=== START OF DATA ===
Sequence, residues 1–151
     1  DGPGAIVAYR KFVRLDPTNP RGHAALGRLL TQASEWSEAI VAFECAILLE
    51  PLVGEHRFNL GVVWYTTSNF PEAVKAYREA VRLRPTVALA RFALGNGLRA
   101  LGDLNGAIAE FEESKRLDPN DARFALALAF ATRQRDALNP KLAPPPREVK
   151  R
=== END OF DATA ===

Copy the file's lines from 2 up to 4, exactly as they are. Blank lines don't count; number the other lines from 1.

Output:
     1  DGPGAIVAYR KFVRLDPTNP RGHAALGRLL TQASEWSEAI VAFECAILLE
    51  PLVGEHRFNL GVVWYTTSNF PEAVKAYREA VRLRPTVALA RFALGNGLRA
   101  LGDLNGAIAE FEESKRLDPN DARFALALAF ATRQRDALNP KLAPPPREVK